The canonical MuPAD site is
but most information is at
to which you are directed from the MuPAD site. Here you will find a few FAQs, some examples of MuPAD in different areas of mathematics, and some comparisons with other CASs. Unfortunately these comparisons are fairly old, and at the time of writing they have not been upgraded to the latest version of MuPAD. There are also a few technical articles written by members of the MuPAD team discussing aspects of MuPAD internal workings. These articles should be read if you wish to master MuPAD.
You will also find some MathPAD journals. These are published by the MuPAD team, and cover CASs and their uses in general. Only a few of them are devoted to MuPAD, and these few are well worth reading, as they give fascinating insight into the development of MuPAD, and the reasons for various design considerations.
As yet, there are no books on MuPAD, aside from the published manual, and few articles in the open literature. The two sites above, and the on-line documentation, pretty much cover the lot.
Couldn't be easier! You need to download two files: one containing the binaries (mupad, xmupad, vcam, hypage and such); and the other the “shared” material: the documentation and MuPAD libraries. Uncompress them, and untar them in a suitable directory (/usr/local/MuPAD is a good spot, but anywhere will do), and add /usr/local/MuPAD/share/bin (or whatever) to your path. As I mentioned before, this bin directory contains only shell scripts, which set all necessary environment variables before calling the binaries. Thus there is no need for any extra fiddling.
To use the graphical capabilities of MuPAD, you also need the xview libraries installed on your system.
You will find that MuPAD, thus installed, has certain memory restrictions: you will be unable to deal with commands requiring intensive memory use. To overcome this, you need to register your copy of MuPAD. This will provide you with a license key which you can use to unlock the MuPAD's memory use.
One of the most commonly asked questions to the sci.math.symbolic newsgroup is: “What's the difference between...?” The best answer I've seen so far is: “They're spelled differently!” In that spirit, I intend not to give a detailed anaysis of the differences between MuPAD and other CASs, but instead to make a few general points.
First, MuPAD can't be beaten on price: it's free! Strictly speaking, this is not true; there are circumstances for which you must pay to use MuPAD. But for a single-user Linux user (and which of us is not?), it costs nothing.
The interface is pretty clumsy compared with the lovely worksheet interface of Maple and Mathematica. The interface for MuPAD under MS Windows 95/NT is much more refined, but you have to pay for it. For this reason alone, I would say that MuPAD is not as well suited as its rivals for elementary teaching. It's nice to see input and output in different colours, and for mathematics output to be presented properly typeset. I also like having graphical output as part of the worksheet. Currently, none of these are possible in MuPAD.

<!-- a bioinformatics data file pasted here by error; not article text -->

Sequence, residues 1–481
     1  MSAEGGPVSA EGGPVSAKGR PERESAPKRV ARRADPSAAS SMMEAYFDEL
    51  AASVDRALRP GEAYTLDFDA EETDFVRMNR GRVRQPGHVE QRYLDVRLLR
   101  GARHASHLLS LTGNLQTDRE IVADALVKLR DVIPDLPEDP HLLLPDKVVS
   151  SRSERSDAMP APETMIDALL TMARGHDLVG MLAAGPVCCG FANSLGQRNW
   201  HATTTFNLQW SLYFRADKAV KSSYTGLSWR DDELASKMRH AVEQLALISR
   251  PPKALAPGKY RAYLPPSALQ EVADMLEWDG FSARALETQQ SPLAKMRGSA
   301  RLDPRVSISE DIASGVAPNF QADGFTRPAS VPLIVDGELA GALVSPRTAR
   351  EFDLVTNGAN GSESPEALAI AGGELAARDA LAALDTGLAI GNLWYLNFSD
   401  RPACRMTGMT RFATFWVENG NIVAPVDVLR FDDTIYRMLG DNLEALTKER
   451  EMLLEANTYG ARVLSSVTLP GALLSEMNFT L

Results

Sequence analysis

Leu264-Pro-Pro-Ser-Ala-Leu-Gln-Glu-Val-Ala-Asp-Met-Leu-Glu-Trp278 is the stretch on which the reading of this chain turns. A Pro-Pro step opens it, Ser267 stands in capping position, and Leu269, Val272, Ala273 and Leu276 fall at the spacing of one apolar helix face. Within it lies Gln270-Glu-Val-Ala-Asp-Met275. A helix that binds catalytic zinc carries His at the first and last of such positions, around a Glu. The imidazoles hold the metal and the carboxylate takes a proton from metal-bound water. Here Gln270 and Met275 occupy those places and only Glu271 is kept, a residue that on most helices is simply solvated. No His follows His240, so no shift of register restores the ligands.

Again, MuPAD does not have the mathematical breadth of its rivals. An example will illustrate my point: the attempt to solve the Riccati differential equation dy 2 2 -- = x + y , y(0) = 1. dx Maple can solve this with no problem; the solution is a complicated expression involving Bessel functions. However, MuPAD can't solve this; it doesn't know enough about Bessel functions to recognize all possible places where they may apply. Also, its solve command, as applied to differential equations, does not have the power of Maple's dsolve command. However, MuPAD is a much younger product, and wheras both Maple and Mathematica are produced by large companies with enviable resources, MuPAD is produced by one small and chronically underfunded research team.
On the flip side, MuPAD is as extendible as its rivals. Its programming power is easily equal to that of Maple and Mathematica. What's more, it provides different programming paradigms, and doesn't force you into any particular style. Again, it offers full parallel programming, and comes with an excellent graphical debugger. To do these topics justice would require at least another article the same size as this one, so get MuPAD and read its documentation!
The use of domains in MuPAD means that it is possible to explore deep aspects of mathematics, and to write very general routines. Thus MuPAD has a depth equal to or greater than its rivals, even if it loses out on breadth.
So why use MuPAD? If you are after a CAS to be used as a “black box” to churn out solutions to equations; then MuPAD is not as suitable as its rivals (at least, not yet). However, if you are exploring mathematical relationships and structures, then MuPAD would appear to be the tool of choice.
I am extremely impressed with MuPAD; free software of this excellence is produced very rarely indeed. MuPAD deserves the full support of the Linux community, and if you use mathematics in any way, then MuPAD should find a home on your system.
- Handling the workloads of the Future
- Readers' Choice Awards 2014
- diff -u: What's New in Kernel Development
- How Can We Get Business to Care about Freedom, Openness and Interoperability?
- Synchronize Your Life with ownCloud
- December 2014 Issue of Linux Journal: Readers' Choice
- Non-Linux FOSS: Don't Type All Those Words!
- Days Between Dates?
- Computing without a Computer
Editorial Advisory Panel
Thank you to our 2014 Editorial Advisors!
- Jeff Parent
- Brad Baillio
- Nick Baronian
- Steve Case
- Chadalavada Kalyana
- Caleb Cullen
- Keir Davis
- Michael Eager
- Nick Faltys
- Dennis Frey
- Philip Jacob
- Jay Kruizenga
- Steve Marquez
- Dave McAllister
- Craig Oda
- Mike Roberts
- Chris Stark
- Patrick Swartz
- David Lynch
- Alicia Gibb
- Thomas Quinlan
- Carson McDonald
- Kristen Shoemaker
- Charnell Luchich
- James Walker
- Victor Gregorio
- Hari Boukis
- Brian Conner
- David Lane